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Home / Articles / News / Cover Story /  Motocross as Child's Play Page 2
Cover Story

Motocross as Child's Play Page 2

Young riders increasingly participate in the life-and-death jumps and crashes of the sport.

By Wren Abbott
Posted // August 26,2009 -

helmetWDad.jpgBrace Yourself

Judging from hundreds of comments posted by readers of The Salt Lake Tribune article describing Logan’s death, the incident catapulted kids’ motocross onto the mainstream radar and gave readers, some of whom had no direct knowledge of the sport, license to condemn the Emersons and other motocross parents as negligent or abusive.

Brad Frampton, who raced on the national circuit until 1999 and has two sons—ages 10 and 12—who race, is one of two people in the motocross community interviewed for this story who became so incensed by those comments criticizing motocross parents that he shut off the computer.

“One woman wrote, ‘I can’t believe that parents would strap their kids to a motorcycle and send them out there for a cheap thrill,’” Frampton fumes. “Somebody that doesn’t know anything about this sport doesn’t have any right to judge it.”

The American Academy of Pediatrics recommends that off-road motorcycling be restricted to children over age 16, citing “immature judgment and motor skills” in younger children. Under Utah state law, children over age 8 only may ride off-road motorcycles on public land; there is no such restriction for private land, such as motocross arenas.

According to data collected by the Centers for Disease Control and Prevention, 245 Americans age 19 and under died in 2003 from offroad motorcycle injuries, and 56,870 were treated in emergency rooms for offroad motorcycling injuries. Twenty percent of the nonfatal injuries occurred on motocross tracks, with 8.9 percent caused by a jump and 5.3 percent from hitting another motorcycle or other vehicle. The injuries represent 32.6 people per 100,000 of the population in that age range, but no estimate is available of how many Americans in that age range use off-road motorcycles, according to the CDC.

A dislocated hip and punctured lung sustained in a motocross crash led Brad Frampton to quit racing on a national level, he said. Before that, he broke a leg, as his older son, Broc, did last year. Broc, a freckled kid with braces wearing a Logan Emerson memorial shirt, didn’t even care about walking after the injury—he just wanted to ride, his dad said.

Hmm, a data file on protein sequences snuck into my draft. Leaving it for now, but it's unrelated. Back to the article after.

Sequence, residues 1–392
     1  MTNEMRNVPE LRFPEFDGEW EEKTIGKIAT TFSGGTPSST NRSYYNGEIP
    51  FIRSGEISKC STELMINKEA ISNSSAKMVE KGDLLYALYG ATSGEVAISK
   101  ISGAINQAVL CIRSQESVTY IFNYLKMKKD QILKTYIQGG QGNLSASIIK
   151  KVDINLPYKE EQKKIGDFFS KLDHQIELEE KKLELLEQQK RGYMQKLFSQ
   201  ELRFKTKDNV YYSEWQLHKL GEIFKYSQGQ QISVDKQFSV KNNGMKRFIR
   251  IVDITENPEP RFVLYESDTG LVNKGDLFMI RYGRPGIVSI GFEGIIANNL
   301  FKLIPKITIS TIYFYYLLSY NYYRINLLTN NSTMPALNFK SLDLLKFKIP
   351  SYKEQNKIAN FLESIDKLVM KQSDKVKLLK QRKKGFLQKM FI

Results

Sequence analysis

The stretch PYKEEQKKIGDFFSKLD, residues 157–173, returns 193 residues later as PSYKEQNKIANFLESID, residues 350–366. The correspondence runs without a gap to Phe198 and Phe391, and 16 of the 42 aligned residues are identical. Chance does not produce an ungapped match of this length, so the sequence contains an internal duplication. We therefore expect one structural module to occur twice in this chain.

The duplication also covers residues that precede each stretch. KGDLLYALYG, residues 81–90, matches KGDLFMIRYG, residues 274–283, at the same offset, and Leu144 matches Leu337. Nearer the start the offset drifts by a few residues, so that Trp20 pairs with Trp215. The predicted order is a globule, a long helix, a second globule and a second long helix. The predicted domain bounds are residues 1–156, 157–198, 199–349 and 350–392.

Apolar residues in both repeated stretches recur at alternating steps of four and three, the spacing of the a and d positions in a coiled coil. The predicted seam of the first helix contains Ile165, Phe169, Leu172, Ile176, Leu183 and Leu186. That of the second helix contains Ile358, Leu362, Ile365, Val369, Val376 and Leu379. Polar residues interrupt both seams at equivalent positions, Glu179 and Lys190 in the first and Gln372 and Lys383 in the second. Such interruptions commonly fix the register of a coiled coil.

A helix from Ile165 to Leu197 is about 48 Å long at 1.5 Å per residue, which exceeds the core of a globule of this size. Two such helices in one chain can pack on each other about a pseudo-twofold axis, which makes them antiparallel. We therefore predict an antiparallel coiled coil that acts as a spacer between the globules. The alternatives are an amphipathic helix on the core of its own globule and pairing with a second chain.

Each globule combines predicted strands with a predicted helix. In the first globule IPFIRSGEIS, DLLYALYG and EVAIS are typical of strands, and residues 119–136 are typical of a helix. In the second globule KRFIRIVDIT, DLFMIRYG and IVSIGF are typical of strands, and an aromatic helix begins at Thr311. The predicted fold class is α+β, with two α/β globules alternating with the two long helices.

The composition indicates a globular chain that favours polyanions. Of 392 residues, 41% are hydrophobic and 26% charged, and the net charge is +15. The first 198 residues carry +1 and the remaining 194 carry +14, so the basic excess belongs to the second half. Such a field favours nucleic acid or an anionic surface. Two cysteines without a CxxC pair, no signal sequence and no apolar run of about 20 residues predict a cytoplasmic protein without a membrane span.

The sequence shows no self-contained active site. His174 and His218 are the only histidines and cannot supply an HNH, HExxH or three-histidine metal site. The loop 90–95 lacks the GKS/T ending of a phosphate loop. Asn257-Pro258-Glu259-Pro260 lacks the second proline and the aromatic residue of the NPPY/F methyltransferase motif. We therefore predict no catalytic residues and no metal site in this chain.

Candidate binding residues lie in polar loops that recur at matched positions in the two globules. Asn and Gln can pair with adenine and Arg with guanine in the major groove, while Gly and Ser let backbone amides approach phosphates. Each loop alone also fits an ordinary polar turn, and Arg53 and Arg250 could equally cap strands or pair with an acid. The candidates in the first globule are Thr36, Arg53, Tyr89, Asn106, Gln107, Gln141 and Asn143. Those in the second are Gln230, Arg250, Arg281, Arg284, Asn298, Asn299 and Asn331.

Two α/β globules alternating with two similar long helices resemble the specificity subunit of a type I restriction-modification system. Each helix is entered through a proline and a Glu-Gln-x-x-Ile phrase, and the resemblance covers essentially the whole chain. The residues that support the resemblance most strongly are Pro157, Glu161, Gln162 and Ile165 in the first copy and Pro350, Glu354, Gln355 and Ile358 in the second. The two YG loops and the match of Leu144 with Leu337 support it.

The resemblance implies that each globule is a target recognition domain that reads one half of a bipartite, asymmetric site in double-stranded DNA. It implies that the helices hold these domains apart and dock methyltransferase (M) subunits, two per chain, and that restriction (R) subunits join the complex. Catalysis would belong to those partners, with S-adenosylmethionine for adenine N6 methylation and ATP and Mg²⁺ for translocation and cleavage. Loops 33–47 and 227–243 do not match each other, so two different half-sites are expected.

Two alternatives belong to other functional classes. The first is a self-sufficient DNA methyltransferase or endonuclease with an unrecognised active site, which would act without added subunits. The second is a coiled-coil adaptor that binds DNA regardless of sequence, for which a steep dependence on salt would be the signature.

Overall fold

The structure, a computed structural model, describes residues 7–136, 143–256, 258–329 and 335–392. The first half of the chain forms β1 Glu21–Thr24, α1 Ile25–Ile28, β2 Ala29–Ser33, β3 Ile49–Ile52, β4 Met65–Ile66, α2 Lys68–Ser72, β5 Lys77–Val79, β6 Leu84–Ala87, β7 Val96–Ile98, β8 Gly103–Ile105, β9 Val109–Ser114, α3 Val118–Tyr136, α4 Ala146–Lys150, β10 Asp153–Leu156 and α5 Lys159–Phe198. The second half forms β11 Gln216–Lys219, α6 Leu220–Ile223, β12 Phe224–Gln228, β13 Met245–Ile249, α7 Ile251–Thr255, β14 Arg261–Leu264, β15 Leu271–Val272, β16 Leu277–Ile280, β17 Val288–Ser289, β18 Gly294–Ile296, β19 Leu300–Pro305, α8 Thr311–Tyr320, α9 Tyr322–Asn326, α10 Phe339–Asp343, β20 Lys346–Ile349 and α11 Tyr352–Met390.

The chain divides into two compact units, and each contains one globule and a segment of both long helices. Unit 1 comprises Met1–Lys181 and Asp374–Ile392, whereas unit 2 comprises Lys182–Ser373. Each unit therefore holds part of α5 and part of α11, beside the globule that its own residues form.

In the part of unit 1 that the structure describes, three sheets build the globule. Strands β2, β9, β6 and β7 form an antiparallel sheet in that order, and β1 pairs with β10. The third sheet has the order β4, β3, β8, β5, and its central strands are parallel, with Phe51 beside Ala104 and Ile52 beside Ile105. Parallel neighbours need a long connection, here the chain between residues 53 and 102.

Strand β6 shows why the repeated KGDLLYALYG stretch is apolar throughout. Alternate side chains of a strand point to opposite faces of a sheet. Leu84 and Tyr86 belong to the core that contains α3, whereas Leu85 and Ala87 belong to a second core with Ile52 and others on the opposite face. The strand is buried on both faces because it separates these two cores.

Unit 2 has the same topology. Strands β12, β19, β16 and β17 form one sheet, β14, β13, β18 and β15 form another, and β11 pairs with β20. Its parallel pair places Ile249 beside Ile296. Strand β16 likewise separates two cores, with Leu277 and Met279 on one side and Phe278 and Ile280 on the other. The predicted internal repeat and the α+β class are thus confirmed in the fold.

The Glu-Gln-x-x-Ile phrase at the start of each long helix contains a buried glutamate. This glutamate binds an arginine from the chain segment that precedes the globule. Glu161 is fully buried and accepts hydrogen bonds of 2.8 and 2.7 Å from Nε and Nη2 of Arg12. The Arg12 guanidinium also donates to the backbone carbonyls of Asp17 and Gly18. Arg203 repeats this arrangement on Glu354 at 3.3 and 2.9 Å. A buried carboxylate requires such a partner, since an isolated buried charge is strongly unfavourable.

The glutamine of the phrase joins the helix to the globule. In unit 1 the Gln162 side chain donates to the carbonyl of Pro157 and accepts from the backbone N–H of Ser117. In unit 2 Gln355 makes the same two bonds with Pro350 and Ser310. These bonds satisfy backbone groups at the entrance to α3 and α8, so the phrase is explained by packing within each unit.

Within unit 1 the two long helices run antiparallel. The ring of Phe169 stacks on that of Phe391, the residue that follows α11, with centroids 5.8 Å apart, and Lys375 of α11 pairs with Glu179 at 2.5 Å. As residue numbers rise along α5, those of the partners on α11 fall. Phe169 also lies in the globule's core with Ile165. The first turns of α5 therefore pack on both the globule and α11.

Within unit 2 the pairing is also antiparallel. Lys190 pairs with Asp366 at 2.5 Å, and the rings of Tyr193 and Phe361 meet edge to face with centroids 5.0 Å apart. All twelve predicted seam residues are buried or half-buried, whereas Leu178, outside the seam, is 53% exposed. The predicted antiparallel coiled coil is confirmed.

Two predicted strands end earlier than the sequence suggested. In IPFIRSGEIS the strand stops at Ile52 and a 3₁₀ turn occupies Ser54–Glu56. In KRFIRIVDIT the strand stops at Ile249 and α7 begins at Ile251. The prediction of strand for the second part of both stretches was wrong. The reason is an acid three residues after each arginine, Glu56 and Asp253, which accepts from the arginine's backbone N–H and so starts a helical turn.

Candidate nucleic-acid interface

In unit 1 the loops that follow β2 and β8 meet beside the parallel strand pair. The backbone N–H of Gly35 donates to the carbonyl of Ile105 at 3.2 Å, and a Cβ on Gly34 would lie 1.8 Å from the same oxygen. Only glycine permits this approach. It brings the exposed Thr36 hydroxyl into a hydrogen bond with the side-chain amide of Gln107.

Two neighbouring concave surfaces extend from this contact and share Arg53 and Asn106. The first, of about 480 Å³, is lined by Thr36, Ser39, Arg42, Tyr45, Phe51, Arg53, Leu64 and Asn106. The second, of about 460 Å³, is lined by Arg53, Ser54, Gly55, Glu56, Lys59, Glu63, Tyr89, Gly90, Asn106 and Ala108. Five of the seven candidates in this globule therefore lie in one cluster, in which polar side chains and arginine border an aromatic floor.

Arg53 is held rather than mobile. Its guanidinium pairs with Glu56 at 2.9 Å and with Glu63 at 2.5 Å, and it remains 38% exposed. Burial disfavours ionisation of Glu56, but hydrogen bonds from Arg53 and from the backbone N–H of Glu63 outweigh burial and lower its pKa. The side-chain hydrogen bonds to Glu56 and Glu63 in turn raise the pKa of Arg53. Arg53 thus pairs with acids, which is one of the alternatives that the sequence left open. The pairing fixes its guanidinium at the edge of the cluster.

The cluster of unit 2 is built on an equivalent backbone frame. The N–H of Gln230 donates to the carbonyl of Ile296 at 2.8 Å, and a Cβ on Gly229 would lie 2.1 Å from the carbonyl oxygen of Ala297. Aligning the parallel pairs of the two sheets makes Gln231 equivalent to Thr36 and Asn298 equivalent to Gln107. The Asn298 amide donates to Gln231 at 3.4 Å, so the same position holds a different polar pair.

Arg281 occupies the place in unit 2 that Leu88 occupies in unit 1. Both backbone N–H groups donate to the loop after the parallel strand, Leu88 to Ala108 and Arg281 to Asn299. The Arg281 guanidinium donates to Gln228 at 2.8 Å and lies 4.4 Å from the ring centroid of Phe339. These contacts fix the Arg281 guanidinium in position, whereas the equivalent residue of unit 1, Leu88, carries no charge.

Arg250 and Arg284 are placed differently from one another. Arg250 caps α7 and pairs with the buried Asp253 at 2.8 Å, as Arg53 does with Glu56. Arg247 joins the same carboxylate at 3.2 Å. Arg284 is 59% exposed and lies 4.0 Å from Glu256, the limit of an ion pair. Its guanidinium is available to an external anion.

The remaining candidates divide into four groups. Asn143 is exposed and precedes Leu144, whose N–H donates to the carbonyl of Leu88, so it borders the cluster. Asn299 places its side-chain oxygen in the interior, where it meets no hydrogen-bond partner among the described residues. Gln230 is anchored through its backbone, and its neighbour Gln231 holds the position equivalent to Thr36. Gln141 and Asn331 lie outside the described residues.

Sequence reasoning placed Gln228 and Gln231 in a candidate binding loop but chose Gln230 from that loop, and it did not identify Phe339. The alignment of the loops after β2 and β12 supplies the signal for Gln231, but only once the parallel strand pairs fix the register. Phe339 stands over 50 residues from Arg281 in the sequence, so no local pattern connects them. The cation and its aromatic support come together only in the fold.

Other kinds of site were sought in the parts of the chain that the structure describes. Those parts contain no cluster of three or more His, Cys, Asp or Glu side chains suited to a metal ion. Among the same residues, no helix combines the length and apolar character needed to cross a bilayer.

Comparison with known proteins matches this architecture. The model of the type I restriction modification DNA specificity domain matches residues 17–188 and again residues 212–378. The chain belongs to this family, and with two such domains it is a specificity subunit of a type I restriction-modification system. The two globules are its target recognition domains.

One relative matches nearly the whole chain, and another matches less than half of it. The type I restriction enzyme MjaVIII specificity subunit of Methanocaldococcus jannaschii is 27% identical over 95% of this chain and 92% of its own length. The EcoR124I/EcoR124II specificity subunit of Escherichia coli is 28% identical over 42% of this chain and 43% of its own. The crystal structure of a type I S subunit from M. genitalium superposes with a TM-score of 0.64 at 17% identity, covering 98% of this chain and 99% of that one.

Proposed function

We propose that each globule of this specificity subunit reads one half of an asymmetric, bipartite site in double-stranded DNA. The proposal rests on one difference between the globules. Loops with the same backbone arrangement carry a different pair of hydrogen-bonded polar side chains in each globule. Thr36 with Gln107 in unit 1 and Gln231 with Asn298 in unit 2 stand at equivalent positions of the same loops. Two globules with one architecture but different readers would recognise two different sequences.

Back at the Iversons’ trailer, where everyone is sitting on folding chairs under a tarp rigged up to provide shade, Austin’s friend, Evan Crawford, 14, peels down his racing pants to put on knee braces in preparation for his first moto. Knee braces, which can prevent a break by keeping the joint from moving laterally, aren’t part of the safety equipment required by the American Motorcycle Association and therefore by RMR—helmet, protective pants, long-sleeve jersey and boots. But last year, Evan was practicing at RMR when he landed a jump, did an “endo” or “digger”—a forward flip—and got run over by another rider. He broke his leg, and now he’s wearing the braces to protect himself in the event of another crash.

Demar Iverson usually races in the over-40 class, but this year he’s sidelined with a knee injury. During 27 years of racing, Demar has also dislocated his shoulder, torn his anterior cruciate ligament, broken his wrist and broken his collarbone. Ellie Murphy, 13, who took third in her ATV class on Pioneer Day, flipped off her ATV last year and landed on her hands, breaking both her wrists. She was back on the machine as soon as she got her casts off, though it took four or five races before she was back to her previous speed, her dad Mark says. As Ellie, Shayden, and a few other little riders horse around in a circle behind the adults, trying to spray each other with water, Mark remembers that the group of kids is one short.

“Logan would be out here playing,” Mark says.

Getting Your G.O.A.T.

HighJumper.jpgOne thing critics of kids’ motocross probably don’t realize is that most professional motocross and supercross (more technical wintertime dirt-bike racing, done in indoor arenas) riders began racing no later than age 4, according to RMR motocross manager Curt Stewart. “James Stewart, the reigning supercross champion, started when he was 4 years old,” Curt Stewart says. “It’s a young man’s sport— you have champions retiring when they’re 26, 27 years old.”

North Salt Lake’s SLMX motocross complex director Robin Williams says if riders don’t have a sponsor providing them with gear by the time they’re 11, the chances of them getting a national sponsor are nil.

Ricky Carmichael, dubbed the “all-time winningest racer in AMA history” by motocross.com, started racing at age 3 and retired at 27 after winning 15 national championships. Sports Illustrated estimated his 2005 income as between $8 million and $10 million, including his salary from Suzuki and championship bonuses. Carmichael, often called G.O.A.T. or “greatest of all time” is Austin Iverson and Broc Frampton’s idol—both boys would eventually like to turn pro.

“We hope for it, but don’t push it,” mom Dena Iverson says. “I think whatever they do, I’d like to see them go as far as they can. But we leave it up to them.”

The pro-motocross riders Peyton Smith idolizes dominate the décor on his bedroom walls—in the form of “fatheads” or life-size stickers. “You would die if you saw his room,” his mother, Robin Smith, says. Peyton, 7, got his first motorcycle when he was 3. The family lives on four acres in Syracuse, so Peyton has his own motocross practice track. “It’s a spendy sport, but we also have horses—whatever you’re into’s expensive,” Robin points out.

The Iversons estimate they spent about $15,000 in 2008 on motocross. A race-ready 50cc that a child outgrows in a few years costs between $3,500 and $4,000, according to Austin Boyd of Full Throttle Powersports in Centerville, which outfits many of the area’s little riders. Safety equipment like helmets and boots vary widely in price; the average parent spends between $400 and $500 on safety gear, Boyd said. Participating in a race at RMR costs $35 for the first moto and $25 for each additional moto, for a minimum cost of $60. A day of practice at RMR costs $15.